My client’s website was hacked via an outdated WordPress plugin.
In “Steps to Fix and Prevent a Hacked WordPress Site”, you learned how to fix a client site after a hack. The steps in that blog came from two real-life scenarios, and today we will look more closely at one of them: an outdated plugin that opened the door to hackers.
I’ll explain how the issue was discovered, steps to fix it, and how to be more proactive with your client sites by taking preventative measures.
Discovering the Hack
It’s a common enough scenario for a web developer: The client’s site was launched in late 2013/early 2014 and basically left alone. They only needed a simple site to inform customers and didn’t intend on updating it very often, but found some of the features of WordPress useful. This means they didn’t frequently check the WordPress Dashboard, nor did they want to pay anyone to.
One day in late 2014 (about 11 months later) the client was browsing the site when he noticed a small message in the header advertising Viagra, but only when not logged in. The site had to get fixed before it was flagged for distributing spam by Google or listed on an RBL.
Finding the Script in a WordPress Plugin or Theme
Since the message was appearing in the header of the site, the first step was to find the theme file (header.php) and remove that text. It worked for a short time, but after about 6 hours, it came back. This was a slightly more sophisticated hack then just adding text and leaving; there was a script injected somewhere that would re-add the message if it got removed.
The next step was to basically comb the `/wp-content/` folder, looking for questionable scripts. This could be code you don’t recognize or code placed seemingly at random at the top of a file. WordPress Core could be replaced easily, but the big problem would have been if the site’s custom theme or a custom plugin was compromised, because it would require hours of development to update and secure the code. “Luckily” the location of the hack was a plugin available on the WordPress Plugin Repository – and an update was available.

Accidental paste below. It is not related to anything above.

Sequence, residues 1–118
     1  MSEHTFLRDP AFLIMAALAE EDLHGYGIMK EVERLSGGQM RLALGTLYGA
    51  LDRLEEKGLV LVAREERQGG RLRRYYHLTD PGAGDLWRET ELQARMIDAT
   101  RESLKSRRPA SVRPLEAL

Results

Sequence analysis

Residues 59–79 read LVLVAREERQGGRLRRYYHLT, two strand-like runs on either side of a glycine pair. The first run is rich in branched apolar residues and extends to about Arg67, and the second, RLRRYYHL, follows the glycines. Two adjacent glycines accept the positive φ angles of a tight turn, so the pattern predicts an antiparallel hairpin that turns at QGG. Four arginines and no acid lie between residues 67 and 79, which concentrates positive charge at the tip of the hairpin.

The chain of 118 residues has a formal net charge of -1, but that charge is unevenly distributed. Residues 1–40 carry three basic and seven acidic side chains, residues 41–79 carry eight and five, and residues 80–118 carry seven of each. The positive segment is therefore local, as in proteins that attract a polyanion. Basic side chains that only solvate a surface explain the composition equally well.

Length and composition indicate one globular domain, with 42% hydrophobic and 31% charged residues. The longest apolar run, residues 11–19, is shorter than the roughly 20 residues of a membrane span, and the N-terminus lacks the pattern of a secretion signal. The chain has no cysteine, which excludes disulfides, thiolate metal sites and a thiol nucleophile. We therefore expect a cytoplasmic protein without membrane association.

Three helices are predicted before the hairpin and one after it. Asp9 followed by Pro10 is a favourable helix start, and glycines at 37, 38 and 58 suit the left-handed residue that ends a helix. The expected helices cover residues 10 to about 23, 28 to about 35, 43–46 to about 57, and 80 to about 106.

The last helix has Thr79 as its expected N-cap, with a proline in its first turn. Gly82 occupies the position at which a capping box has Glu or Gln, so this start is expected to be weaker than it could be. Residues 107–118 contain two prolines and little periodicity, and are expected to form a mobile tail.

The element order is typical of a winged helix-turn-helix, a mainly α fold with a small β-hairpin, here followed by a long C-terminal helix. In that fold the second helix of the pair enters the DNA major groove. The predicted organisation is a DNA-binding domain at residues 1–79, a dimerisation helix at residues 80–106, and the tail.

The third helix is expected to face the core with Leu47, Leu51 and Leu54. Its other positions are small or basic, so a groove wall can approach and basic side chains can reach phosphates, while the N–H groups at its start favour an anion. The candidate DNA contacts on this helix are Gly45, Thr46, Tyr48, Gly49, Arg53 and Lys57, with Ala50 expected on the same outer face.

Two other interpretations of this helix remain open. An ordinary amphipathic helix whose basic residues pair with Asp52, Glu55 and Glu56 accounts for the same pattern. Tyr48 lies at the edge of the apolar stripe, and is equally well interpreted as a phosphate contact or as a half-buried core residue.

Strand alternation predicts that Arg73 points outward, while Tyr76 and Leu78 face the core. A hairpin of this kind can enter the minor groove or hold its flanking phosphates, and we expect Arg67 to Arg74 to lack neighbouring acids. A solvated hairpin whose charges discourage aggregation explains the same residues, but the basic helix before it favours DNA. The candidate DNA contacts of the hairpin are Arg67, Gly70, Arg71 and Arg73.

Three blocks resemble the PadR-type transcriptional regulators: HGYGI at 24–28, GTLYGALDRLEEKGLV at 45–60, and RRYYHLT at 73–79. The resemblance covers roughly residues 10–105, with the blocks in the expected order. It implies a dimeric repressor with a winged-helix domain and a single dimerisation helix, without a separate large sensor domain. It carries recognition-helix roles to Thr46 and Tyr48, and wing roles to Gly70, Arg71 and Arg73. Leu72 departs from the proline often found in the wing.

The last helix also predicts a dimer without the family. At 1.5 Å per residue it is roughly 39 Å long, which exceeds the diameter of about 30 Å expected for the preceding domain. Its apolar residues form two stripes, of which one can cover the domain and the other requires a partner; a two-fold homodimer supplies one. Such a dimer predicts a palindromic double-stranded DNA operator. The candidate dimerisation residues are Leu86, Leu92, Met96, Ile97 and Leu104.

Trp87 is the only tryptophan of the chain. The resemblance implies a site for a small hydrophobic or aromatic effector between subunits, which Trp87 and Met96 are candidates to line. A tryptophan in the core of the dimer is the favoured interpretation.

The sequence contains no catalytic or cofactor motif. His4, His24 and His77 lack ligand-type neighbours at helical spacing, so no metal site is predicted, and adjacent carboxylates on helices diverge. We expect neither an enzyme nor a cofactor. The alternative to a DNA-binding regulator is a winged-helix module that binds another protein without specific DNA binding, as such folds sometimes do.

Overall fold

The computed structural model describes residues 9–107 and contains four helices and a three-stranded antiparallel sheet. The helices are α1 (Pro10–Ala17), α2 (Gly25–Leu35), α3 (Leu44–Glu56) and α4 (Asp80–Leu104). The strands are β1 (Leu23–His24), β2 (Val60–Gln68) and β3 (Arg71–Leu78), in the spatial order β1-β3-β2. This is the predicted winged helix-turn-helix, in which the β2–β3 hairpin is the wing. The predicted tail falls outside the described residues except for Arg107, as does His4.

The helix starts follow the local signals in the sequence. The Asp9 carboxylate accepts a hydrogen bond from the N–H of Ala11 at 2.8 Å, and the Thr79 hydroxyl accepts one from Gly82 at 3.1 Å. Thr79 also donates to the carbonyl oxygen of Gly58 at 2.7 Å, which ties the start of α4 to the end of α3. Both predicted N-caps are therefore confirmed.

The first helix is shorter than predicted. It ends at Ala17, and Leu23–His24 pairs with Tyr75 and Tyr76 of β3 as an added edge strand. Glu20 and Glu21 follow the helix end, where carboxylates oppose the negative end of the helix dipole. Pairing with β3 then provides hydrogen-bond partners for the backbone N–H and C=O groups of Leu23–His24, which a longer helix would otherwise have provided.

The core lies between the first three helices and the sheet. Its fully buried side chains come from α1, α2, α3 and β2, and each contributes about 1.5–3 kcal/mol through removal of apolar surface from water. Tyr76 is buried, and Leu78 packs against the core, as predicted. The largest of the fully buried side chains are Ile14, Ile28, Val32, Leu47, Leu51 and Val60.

After updating and replacing any other plugins that were out of date, removing themes and plugins that weren’t used, and scrubbing the custom theme by replacing it with the original, backed up version from launch day, the site was ready to be replaced. This included backing up the whole site and the database, putting up a temporary page, and uploading the clean site.
Preventing a Similar Hack
All-in-all, fixing the compromised site took about 10 hours of work over 2 days. Ultimately, if the site had been kept up through core and plugin updates, this would have been prevented. Another contributing factor was that the hosting company the site utilized did zero monitoring. The client was on a very basic package that left them on their own. Now, however, the client pays someone to keep up the site, making sure that WordPress and plugins are up-to-date and everything is functioning properly. With monitoring of their WordPress plugins and core, and utilizing professionals to help update and manage their site, this client is now secure from future hacks.
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